Know, then, that temptation is your greatest happiness.… Be grateful to God for the benefit it does you. In all these temptations and abominable thoughts the remedy you should adopt is to scorn them … for there is nothing that injures the devil in his pride more than seeing himself scorned, with no notice given to him or the thoughts he conjures.… Keep yourself in your peace without becoming disquieted and without multiplying reasons and responses. There is nothing so dangerous as to engage in debate with one who can deceive us so quickly.
Book Two focuses on the need for a spiritual guide for anyone attempting to travel the interior path. Molinos advises:“In every sense it is advisable to choose a master experienced in the interior way.… Were we to submit our actions to our own judgement and natural impulses, we would immediately stumble and fall in a thousand abysses.” Spiritual books can mislead the seeker:
These books confuse the souls instead of illuminating them. They fill souls with discursive knowledge that greatly impedes them. While it is true that they give knowledge about the light, this knowledge enters from the outside and dulls the soul’s powers, instead of emptying those powers so that God can fill them with himself.
Book Three focuses on the experiences of “those who are agreeable to God”. These mystic practitioners continue “to enter quietly and silently within themselves in God, for here is their centre, their dwelling, and their delight”.
The soul sometimes hears the interior voice of its Beloved, a very delicate whistle that calls it and makes it hurry, going out from the most intimate part of the soul where he dwells and strongly penetrating the soul until it melts and undoes it. The soul sees how near the Beloved is to itself and how far, since it cannot completely possess him. This intoxicates, dismays, weakens, and fills the soul with insatiability.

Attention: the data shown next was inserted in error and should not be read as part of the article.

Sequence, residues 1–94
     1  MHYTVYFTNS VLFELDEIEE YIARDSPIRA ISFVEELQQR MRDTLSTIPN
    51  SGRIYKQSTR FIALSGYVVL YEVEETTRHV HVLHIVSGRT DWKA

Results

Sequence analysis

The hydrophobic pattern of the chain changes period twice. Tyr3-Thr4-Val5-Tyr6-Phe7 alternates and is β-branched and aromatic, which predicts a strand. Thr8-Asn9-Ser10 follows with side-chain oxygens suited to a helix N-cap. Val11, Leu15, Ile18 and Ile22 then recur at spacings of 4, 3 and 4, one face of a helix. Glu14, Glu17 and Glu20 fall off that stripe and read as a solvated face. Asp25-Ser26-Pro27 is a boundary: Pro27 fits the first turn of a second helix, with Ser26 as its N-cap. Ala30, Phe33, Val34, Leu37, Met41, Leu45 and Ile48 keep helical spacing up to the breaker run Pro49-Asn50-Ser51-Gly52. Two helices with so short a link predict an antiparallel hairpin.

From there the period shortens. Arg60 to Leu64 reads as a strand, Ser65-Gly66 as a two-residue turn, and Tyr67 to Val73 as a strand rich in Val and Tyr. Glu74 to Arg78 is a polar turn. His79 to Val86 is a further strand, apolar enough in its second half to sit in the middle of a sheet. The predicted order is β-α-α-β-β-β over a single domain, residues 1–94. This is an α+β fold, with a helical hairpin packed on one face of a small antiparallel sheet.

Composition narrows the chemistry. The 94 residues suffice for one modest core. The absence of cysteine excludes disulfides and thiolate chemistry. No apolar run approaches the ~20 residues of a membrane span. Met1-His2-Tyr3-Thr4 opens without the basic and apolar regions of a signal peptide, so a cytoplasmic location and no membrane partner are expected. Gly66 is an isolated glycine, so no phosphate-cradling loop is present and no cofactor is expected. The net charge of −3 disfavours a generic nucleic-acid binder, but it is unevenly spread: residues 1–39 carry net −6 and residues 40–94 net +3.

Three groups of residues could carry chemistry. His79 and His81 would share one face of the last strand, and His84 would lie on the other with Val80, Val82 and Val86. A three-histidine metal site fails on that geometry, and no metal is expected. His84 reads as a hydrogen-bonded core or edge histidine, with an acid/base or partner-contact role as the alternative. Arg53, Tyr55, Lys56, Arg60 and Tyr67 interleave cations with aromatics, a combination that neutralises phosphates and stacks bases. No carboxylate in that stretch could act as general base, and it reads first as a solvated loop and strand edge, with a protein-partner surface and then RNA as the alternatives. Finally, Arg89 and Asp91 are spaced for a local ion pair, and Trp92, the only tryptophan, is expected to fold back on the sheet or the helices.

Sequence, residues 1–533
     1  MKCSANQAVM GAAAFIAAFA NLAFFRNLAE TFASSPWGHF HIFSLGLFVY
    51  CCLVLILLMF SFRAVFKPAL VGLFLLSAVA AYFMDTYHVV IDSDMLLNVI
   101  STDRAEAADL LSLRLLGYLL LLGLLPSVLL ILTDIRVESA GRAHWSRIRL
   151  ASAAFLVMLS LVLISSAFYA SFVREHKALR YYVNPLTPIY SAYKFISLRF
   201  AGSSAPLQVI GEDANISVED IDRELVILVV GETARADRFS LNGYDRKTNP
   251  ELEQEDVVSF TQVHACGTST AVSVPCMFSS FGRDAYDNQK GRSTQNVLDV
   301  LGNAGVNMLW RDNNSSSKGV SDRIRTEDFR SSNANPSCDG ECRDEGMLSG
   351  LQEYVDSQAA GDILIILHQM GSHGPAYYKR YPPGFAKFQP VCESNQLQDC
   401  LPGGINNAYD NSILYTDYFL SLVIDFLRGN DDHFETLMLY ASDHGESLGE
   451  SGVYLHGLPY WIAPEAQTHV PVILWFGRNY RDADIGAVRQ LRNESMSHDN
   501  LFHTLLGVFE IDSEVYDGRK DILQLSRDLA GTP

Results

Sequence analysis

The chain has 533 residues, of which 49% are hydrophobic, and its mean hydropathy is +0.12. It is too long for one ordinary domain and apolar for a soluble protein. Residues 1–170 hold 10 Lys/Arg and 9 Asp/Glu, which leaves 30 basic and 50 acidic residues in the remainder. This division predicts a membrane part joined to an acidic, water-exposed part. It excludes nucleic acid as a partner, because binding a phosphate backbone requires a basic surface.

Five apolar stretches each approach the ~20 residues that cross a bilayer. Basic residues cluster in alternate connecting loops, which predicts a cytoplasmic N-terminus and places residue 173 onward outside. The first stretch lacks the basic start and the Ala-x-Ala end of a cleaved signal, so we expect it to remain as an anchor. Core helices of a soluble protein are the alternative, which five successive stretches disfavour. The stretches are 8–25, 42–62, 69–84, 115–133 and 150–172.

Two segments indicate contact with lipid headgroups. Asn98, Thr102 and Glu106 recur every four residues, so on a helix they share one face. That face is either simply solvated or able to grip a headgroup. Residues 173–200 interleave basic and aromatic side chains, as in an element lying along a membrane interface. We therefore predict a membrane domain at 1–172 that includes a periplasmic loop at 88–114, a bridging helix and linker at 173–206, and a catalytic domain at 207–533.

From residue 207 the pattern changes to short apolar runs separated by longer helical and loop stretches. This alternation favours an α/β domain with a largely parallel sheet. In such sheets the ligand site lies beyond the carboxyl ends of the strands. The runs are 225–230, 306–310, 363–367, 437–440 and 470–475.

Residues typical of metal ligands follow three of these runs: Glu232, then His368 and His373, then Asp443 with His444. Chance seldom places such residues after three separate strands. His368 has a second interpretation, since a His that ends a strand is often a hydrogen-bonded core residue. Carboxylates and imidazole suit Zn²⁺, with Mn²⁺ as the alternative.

Molinos says that the soul must pass through a“spiritual martyrdom” that is much harder than the external martyrdom of those who are persecuted.“You should know that you must suffer to arrive at the sweet, gentle, and abundant richness of high contemplation and loving union. No holy soul has ever arrived at this state that has not passed through his spiritual martyrdom and painful torment.”
Here you will see yourself abandoned and subject to the passions of impatience, anger, rage, blasphemy, and disordered appetites. You will appear to yourself as the most miserable creature, the worst sinner, the most abhorred of God, stripped of all virtue, nearly suffering the pain of hell.… But truly, if you see yourself so oppressed, and seem to yourself on good evidence to be proud, impatient, and angry, then these temptations will not have any force or place in your soul, thanks to the hidden virtue and interior gift of fortitude that reigns in the intimate part of your soul.…
Be constant, O blessed soul, be constant, for you will never love more nor be closer to God than in such abandonments!…. The Lord allows this painful abandonment in your soul to purge you, clean you, deny you, and strip you from yourself. By these means you will be all his … and to whatever extent you surrender yourself to him will his infinite goodness be given to you so that you may be his delight.
On the interior way, one must die to oneself. Molinos says the state of the soul that is “stripped of the self” is impossible to describe. “Only those who experience this contemplation know it.”
If you give God your detached soul with this liberty, free and alone, you will be happier than any creature on earth, because in this holy solitude the Most High has his secret dwelling. In this desert and paradise God allows himself to converse; only in this interior retreat is that marvellous, efficacious, interior, and divine voice heard. If you want to enter this heaven on earth, forget all cares and thoughts and strip yourself so that the love of God may live in your soul.